The man hit the ground with a heavy whump and Mordecai bared his teeth in a hiss. Knowing his luck, he'd just broken the bastard's ankle as well with that fall. There was no helping it. He couldn't be expected to catch, after all. The hunter limped over, eying the man's injuries with a critical eye. The bruises were mostly on his torso, centered on his chest, stomach, and the space between his shoulder blades on the back. They were darkening to black and purple with hints of green at the edges, like some sort of moss growing under his skin. His face sported a busted nose, the lips were crusted with dried blood, and both eyes were swollen black. More blood was flaking off the rope where it was bound about his chest and Mordecai stooped to cut this free. The lines of the cord was imprinted on the man's skin and it had cut through the flesh where it sat over the ribs. The man groaned, moving his head weakly, and Mordecai reached for a water flask at his hip.
"Steady now," the hunter said brusquely, "Give it a moment, then get the hell up. I'm not carrying your naked hide back into town."
By now his eyes were open, wincing at both the pain and the light. He took the water flask and drank eagerly. After a moment Mordecai took it back. There was no point in letting the stranger make himself sick with too much too quickly.
"Bandits?" he asked the man.
"Aye. Jumped me at the gate."
Mordecai frowned severely. He thought that had been dealt with already. Dealt with, and then some, to encourage the bandits to not try blockading the road ever again. Apparently they needed another lesson.
"Get up. Let's go."
Mordecai rose, limping back to the runner and hauling himself into the driver's seat. He watched out of the corner of the eye to ensure the man got the point that the sniper was not going to wait around for him. He did, and gingerly drug himself upright and wove an unsteady path towards the vehicle. Mordecai averted his eyes then, he had no desire to stare at some random naked stranger in the middle of the forsaken desert. He merely waited until the weight shifted to indicate that he was secure in the gunner's seat, and then gave a vicious smile. He threw the throttle open and drove like there was hell at his tail, with absolutely no regard to his battered passenger.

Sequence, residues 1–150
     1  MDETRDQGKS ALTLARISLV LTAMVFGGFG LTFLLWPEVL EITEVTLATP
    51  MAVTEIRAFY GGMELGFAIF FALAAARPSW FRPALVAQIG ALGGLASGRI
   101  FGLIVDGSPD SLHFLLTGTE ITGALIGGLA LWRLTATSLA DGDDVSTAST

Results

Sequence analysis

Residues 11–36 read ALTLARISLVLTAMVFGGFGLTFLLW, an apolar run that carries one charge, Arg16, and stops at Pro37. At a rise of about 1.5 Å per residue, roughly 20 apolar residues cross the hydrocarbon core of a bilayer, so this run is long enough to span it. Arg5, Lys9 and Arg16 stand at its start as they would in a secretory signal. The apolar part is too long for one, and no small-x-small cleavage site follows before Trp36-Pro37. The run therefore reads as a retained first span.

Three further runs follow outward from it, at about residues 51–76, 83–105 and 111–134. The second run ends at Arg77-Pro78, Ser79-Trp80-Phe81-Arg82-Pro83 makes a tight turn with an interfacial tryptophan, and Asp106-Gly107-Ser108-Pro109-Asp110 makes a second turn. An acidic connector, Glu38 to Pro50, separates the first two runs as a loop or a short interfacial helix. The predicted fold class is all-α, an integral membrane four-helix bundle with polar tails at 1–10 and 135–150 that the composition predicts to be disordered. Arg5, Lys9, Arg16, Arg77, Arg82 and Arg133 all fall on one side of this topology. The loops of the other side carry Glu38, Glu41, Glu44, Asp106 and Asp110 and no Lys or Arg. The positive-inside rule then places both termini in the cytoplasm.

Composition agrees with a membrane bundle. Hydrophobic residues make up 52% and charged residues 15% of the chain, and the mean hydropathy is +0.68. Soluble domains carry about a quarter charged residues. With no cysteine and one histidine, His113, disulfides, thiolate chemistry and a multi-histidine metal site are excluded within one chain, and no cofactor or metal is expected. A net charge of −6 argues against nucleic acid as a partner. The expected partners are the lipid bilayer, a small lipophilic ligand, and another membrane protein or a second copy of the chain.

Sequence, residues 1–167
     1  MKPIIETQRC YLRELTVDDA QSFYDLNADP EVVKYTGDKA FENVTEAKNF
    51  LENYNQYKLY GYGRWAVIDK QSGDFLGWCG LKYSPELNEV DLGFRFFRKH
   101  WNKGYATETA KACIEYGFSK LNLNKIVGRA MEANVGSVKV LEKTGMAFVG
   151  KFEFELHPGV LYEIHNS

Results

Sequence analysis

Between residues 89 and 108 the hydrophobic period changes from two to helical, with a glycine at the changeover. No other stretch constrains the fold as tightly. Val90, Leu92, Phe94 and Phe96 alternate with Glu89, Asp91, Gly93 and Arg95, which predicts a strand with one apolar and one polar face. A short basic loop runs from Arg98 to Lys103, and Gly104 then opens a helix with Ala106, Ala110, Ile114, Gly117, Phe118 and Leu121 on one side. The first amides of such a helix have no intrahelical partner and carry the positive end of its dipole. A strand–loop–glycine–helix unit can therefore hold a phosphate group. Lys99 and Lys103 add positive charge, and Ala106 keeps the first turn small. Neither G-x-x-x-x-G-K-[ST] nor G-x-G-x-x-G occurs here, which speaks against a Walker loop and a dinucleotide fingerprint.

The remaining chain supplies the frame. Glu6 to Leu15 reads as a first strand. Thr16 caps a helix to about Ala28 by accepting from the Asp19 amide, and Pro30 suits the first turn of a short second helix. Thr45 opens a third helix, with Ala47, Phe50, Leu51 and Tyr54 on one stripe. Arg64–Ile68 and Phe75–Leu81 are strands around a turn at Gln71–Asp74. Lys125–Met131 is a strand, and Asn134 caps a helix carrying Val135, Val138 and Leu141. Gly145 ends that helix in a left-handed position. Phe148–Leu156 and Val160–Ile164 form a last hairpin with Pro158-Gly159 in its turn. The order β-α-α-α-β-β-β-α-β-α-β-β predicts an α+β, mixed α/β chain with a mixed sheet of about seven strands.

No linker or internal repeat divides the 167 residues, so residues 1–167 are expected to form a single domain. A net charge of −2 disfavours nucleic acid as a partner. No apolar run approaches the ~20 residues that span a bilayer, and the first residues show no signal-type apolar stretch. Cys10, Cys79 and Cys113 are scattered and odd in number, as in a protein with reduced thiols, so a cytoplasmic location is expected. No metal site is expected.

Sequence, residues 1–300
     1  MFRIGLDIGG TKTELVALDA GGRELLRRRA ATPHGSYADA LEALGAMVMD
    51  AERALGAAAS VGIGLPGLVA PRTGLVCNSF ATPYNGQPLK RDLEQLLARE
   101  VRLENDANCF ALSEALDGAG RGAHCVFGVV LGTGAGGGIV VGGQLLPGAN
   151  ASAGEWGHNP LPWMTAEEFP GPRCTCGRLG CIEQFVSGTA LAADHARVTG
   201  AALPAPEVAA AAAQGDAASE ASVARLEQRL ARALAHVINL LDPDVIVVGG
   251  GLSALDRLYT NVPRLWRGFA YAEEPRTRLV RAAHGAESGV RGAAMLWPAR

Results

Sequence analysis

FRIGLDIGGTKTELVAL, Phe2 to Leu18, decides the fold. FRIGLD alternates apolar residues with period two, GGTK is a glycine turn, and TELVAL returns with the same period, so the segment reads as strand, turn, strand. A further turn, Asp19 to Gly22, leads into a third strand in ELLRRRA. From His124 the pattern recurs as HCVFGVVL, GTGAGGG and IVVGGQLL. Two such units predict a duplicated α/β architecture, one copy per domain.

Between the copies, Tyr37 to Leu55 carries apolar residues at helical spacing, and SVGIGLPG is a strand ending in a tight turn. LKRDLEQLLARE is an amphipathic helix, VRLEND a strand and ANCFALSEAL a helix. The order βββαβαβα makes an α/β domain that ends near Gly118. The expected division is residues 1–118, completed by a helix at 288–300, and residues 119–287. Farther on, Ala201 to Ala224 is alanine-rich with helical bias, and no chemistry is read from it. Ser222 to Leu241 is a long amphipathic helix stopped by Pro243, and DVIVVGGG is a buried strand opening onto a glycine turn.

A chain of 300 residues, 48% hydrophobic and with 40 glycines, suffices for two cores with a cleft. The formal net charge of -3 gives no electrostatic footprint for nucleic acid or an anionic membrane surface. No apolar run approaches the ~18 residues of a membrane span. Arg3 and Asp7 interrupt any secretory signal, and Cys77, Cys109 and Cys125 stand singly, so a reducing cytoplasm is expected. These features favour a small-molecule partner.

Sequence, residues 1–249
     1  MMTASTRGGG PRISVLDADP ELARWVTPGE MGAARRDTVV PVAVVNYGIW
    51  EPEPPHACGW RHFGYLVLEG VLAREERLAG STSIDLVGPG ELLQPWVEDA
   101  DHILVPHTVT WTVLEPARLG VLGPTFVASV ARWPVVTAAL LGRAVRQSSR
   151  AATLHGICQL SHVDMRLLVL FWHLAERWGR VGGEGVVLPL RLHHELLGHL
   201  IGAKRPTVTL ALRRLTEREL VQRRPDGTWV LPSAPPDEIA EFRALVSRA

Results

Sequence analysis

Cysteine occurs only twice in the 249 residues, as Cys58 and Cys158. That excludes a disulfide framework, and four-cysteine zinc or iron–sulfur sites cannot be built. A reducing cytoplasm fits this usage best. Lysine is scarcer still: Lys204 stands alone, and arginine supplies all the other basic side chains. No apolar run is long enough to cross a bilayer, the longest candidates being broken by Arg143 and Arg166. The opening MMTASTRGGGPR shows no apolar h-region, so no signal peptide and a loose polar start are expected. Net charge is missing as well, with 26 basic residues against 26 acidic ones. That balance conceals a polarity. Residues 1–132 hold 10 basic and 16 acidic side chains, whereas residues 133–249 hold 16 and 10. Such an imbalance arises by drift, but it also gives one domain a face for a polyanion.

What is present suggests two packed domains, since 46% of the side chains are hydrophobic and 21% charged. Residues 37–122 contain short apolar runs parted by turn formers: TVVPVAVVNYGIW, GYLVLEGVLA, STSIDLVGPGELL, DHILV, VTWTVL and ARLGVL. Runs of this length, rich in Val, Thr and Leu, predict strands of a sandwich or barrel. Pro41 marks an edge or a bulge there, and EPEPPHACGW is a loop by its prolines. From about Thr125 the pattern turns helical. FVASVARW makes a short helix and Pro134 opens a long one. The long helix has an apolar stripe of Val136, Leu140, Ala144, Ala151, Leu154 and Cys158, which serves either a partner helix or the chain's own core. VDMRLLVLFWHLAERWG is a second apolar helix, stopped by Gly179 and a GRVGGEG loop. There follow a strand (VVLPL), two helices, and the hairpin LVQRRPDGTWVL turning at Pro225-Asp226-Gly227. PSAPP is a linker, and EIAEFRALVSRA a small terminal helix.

"He's not staying here," Dr. Zed said flatly, seemingly oblivious to the morose look on his 'patient's' face.
"Don't be like that," Mordecai replied, his tone easy and conversational. He stood a short distance away, leaning against the wall just where the tin roof of the building ended and the arid sand began.
The man in question was named Hetter, he said, and he was simply trying to reach Fyrestone and see if the rumors that the town was reviving was true and if there was a life to be made here. The bandits had other ideas and had jumped him, robbed him, stripped and beaten him and then left him to die in the reflected sunlight. Zed hadn't been happy to see Mordecai dropping the stranger on his doorstep, complaining that the med vendor was right there and they didn't need to be involving him at all, what with his lack of a medical license and all.
"We got bandit problems again," Mordecai had hissed in response, and that was enough to gain the doctor's sullen assistance. Now Hetter was tended to – for what little he needed – and sat wearing some spare clothes from Dr. Zed as Mordecai's much-repaired spare outfits were far too small.
"Look, there's plenty of empty buildings round here," Zed retorted, jabbing a finger for emphasis, "Put him up there."
"How many of them are habitable?" Mordecai replied. Hetter was just looking increasingly desperate, having the two men argue over his head like this.
"I share quarters with a beserker the size of a truck, a psychopath witch, and a man that won't stop talking in military slang and leaves grenades littered around like candy. I found one under the pillow of my cot the other day. Hetter, you want to bunk with us?"
Hetter seemed thrilled to be included at the conversation, but that dissolved into a frantic shake of the head for 'no.'
"Fine," Zed growled, "He can bunk with me." Mordecai smiled. "For a price."
Mordecai stopped smiling and frowned dourly at Hetter.
"I ain't spending my hard-earned money on this son-of-a-bitch," he said, "Already spent enough for that health vial."
"I can work for my board," Hetter said hopefully, "At least until I get one of the spare buildings cleared out."
"You'll need a gun to do that," Mordecai said, "I'll bring one back when I get done putting bullets in those bandit's skulls. The gate, you said?"
He was turning to leave. Behind him, he heard Hetter shifting nervously on the table.
"Yeah," Hetter replied, "At the gate."
That was all Mordecai needed to know. He whistled for Bloodwing as soon as he was in the light and a shadow flitted from the roof of the building to perch on his shoulder. He'd walk. His ankle was feeling better and he needed to strengthen the quickly-healing bone. The runner was too noisy and Mordecai wanted to be discreet. His companions were out in the field without him and he needed a reprise – laying on his belly in the dirt with a hostile loitering in the cross-hairs of his sight should do the trick.
Author's note: I've just barely started playing this game, but I absolutely adore Mordecai so far. This was going to be a short story originally, but I am incapable of keeping things actually short apparently, and in the interest of staying within typical chapter lengths I'm breaking it into pieces. Enjoy.